Day two was a much quieter day as it seemed that a large proportion of trout had over-eaten and were lying on the bottom with doses of Milk of Magnesia or Alkazeltser. Despite a nice trickle of mayflies most of the day, quite a lot of trout were ‘oncers’ and oncers, fish that rise only once despite other flies passing over them, can be very difficult. Some of the trout seemed a bit more selective. Five trout rose to my fly as it approached, but instead of grabbing hold properly, they fell back with it as it drifted downstream. Two then rejected it by turning away, but three did try to take but with two I struck too early.

After a shower at 4.15pm there was a great fall of spent spinners and the fishing became that bit easier, for the number of rising trout picked up. Now I have to end with something I found rather sad...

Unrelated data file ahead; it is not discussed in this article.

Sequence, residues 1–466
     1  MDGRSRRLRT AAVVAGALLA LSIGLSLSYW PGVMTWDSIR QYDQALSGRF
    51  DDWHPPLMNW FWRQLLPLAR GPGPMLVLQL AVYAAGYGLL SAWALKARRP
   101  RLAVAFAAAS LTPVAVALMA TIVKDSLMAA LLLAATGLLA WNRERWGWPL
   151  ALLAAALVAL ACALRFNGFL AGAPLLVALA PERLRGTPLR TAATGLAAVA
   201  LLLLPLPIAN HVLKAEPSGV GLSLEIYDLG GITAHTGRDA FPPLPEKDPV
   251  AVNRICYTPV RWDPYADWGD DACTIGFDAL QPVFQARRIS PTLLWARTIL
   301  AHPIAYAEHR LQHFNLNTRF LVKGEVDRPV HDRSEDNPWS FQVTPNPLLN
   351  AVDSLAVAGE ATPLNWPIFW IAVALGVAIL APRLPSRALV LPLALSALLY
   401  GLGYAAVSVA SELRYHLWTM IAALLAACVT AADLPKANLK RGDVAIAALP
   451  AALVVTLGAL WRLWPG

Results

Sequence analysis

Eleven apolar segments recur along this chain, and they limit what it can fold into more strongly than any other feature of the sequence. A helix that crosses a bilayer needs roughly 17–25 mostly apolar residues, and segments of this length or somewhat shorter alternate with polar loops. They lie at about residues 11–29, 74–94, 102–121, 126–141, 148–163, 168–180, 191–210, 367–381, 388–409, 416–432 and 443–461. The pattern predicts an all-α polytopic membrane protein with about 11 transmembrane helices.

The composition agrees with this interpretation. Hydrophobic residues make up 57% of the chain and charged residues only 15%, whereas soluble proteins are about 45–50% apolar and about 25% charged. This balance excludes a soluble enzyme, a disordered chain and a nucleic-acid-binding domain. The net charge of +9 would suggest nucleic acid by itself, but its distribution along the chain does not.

Several fly-fishers were on the other bank, casting out but seemingly ignoring rising trout. One such was standing between to alders, about 30 yards apart. He cast-cast-cast for over half an hour as I slowly made my way up stream. I was opposite and noticed three trout rising in front of him. I moved on and then perched on a bench. I sat and watched for ten minutes. Trout rose, he cast out but not to them nor, as far as I could see, with a dry Mayfly. Then he reeled in and moved downstream for about fifty yards where he proceeded to cast-cast-cast. I moved down to opposite where he had been standing. The three trout rose and so keen were they to eat mayflies that I got all three on the first cast on a Poly Mayfly Spinner. People like that ought to subscribe to Fly-Fishing & Fly-Tying.

At  6.40 a strong northerly breeze started blowing downstream. I was tired. I detackled, gillied for Roger who was still catching trout on his cane rods and silk lines, before, at 7.40, we retired to the hotel, satiated with the mayfly but ready for hot food and a drink or two.

What a fabulous brace of days!

May you, dear reader, enjoy similar days in the months to come.